Owners of the world’s largest cruise ship – the recently launched $1.3 billion Queen Mary 2 – confirmed terror threats hang over its future voyages. U.S. intelligence officials also found evidence bin Laden’s terror network planned to attack the British aircraft carrier Ark Royal as it passed through the Gibraltar Straits en route to the Iraq theater of war earlier this year.
WorldNetDaily exclusively reported Sept. 29, based on intelligence obtained by Joseph Farah’s G2 Bulletin, that al-Qaida has purchased at least 15 ships in the last two years, creating a veritable terror armada.
G2 Bulletin’s sources said potential targets of the al-Qaida armada include civilian ports, oil rigs and cruise liners.
Lloyds of London reportedly helped Britain’s MI6 and the U.S. CIA trace the sales of the “terror ships” made through a Greek shipping agent suspected of having direct contacts with bin Laden.
The ships fly the flags of Yemen and Somalia – where they are registered – and are capable of carrying cargoes of lethal chemicals, a “dirty bomb” or even a nuclear weapon, according to G2B sources.
The freighters left their home ports in the Horn of Africa in early September, some were believed destined for ports in Asia.
WorldNetDaily reported Oct. 13 on growing warnings around the world that the next dramatic terror attack is more likely to come at sea than in the air.
The attack described by Tan is reminiscent of one last year, in which a chemical tanker, the Dewi Madrim, was hijacked by machinegun-bearing pirates in speedboats off the coast of Sumatra. But these weren’t ordinary pirates looking for booty. These were terrorists learning how to drive a ship. They also kidnapped officers in an effort to acquire expertise on conducting a maritime attack.
There is also evidence terrorists are learning about diving, with a view to attacking ships from below. The Abu Sayyaf group in the Philippines kidnapped a maintenance engineer in a Sabah holiday resort in 2000. On his release in June this year, the engineer said his kidnappers knew he was a diving instructor – they wanted instruction. The owner of a diving school near Kuala Lumpur has recently reported a number of ethnic Malays wanting to learn about diving, but being strangely uninterested in learning about decompression.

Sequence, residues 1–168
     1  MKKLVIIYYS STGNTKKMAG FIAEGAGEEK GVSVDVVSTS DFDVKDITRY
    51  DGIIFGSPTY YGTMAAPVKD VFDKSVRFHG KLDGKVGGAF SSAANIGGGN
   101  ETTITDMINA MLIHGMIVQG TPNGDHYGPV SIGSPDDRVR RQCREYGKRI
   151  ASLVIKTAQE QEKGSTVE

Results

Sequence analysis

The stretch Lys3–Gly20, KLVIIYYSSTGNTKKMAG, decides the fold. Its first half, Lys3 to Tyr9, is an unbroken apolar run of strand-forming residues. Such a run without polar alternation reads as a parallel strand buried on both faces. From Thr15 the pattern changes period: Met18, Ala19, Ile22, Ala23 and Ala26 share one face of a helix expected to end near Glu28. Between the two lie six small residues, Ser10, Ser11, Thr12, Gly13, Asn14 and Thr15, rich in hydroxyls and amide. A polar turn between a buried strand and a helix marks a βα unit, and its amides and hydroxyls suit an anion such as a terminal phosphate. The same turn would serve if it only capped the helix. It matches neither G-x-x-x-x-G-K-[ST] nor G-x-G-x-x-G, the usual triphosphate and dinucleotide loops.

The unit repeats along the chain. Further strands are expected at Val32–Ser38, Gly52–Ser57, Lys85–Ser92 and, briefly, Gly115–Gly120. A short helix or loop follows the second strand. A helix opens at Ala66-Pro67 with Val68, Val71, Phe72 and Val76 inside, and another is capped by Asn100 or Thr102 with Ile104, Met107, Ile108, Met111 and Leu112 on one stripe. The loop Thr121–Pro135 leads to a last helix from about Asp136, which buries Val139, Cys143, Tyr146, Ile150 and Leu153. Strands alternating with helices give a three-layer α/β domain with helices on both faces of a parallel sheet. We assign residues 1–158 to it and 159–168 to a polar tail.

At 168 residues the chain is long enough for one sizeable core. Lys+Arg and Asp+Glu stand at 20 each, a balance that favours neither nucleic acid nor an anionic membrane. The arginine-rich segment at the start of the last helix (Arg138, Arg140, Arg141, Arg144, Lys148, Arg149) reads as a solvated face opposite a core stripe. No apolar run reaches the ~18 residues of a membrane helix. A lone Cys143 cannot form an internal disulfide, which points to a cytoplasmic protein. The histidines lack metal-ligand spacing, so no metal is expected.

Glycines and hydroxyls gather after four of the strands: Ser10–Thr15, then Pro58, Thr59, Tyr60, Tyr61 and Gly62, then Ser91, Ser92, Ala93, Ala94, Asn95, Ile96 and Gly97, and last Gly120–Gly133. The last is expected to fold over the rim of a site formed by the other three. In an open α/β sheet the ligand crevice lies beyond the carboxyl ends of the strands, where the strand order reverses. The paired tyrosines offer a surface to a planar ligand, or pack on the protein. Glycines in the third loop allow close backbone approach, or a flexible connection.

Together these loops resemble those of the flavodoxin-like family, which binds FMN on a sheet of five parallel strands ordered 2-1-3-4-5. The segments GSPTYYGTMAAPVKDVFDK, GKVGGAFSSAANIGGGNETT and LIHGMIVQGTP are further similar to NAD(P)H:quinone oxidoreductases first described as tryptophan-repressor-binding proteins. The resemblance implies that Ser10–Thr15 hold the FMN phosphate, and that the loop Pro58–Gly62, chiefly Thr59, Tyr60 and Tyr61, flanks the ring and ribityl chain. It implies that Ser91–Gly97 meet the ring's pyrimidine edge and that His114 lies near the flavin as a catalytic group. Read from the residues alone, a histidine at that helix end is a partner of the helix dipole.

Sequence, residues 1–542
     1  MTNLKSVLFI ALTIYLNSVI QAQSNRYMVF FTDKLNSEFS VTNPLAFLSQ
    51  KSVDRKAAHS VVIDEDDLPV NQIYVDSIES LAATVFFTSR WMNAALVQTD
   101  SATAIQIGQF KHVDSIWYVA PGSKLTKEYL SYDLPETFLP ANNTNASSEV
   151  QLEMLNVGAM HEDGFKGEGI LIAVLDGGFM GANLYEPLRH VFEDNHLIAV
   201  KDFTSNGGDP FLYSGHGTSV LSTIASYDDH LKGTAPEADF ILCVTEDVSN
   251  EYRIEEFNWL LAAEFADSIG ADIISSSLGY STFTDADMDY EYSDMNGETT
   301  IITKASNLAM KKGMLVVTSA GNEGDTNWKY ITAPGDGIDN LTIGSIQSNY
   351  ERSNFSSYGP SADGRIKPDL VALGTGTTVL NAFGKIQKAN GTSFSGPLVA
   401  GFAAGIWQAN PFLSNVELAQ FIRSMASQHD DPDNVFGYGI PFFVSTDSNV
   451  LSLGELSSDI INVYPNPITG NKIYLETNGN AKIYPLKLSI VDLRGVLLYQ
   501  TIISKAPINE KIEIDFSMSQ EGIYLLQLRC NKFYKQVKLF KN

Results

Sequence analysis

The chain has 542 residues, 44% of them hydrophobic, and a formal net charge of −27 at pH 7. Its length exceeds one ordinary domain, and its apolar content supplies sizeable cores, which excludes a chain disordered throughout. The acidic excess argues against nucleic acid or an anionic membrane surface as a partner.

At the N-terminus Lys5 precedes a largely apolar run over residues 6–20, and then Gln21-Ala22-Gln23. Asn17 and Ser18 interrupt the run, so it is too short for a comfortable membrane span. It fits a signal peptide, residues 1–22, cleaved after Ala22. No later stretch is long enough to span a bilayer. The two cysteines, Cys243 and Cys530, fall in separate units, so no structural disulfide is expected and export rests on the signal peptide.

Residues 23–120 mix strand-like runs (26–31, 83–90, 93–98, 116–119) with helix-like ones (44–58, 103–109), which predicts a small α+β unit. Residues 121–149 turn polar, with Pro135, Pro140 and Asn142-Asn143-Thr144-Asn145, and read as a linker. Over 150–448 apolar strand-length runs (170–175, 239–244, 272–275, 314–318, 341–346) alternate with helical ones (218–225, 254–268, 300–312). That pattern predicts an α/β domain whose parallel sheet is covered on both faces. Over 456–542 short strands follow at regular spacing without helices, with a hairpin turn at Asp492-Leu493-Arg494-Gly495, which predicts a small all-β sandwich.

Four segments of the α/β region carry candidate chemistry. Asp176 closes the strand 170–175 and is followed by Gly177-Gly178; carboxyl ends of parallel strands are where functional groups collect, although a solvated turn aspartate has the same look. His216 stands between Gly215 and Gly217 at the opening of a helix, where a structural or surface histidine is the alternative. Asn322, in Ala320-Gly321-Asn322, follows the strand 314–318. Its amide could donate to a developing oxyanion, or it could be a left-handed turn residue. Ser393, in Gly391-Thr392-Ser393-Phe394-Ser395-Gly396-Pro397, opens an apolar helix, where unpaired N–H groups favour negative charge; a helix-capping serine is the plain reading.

G2 Bulletin said this is reminiscent of reports that Sept. 11 hijackers who attended U.S. flight schools were only interested in learning how to fly planes, not land.
U.S. intelligence services also believe scores of acoustic sea-mines, found to have disappeared from a naval base in North Korea by a U2 spy plane, could be aboard bin Laden’s “terror ships,” estimated by some sources to number 28.
The capture of al-Qaida’s chief of naval operations, Ahmad Belai al-Neshari, helped reveal the blueprint of the group’s maritime plots. Al-Neshari was found carrying a 180-page dossier that listed large cruise liners sailing from Western ports as “targets of opportunity.”
If a maritime terror attack comes, it won’t be the first. In October 2000, the USS Cole, a heavily armed ship protected with the latest radar defenses, was hit by an al-Qaida suicide crew. Seventeen American sailors died. Two years later, following the attacks on the Twin Towers, a similar attack was carried out against a French supertanker off the coast of Yemen.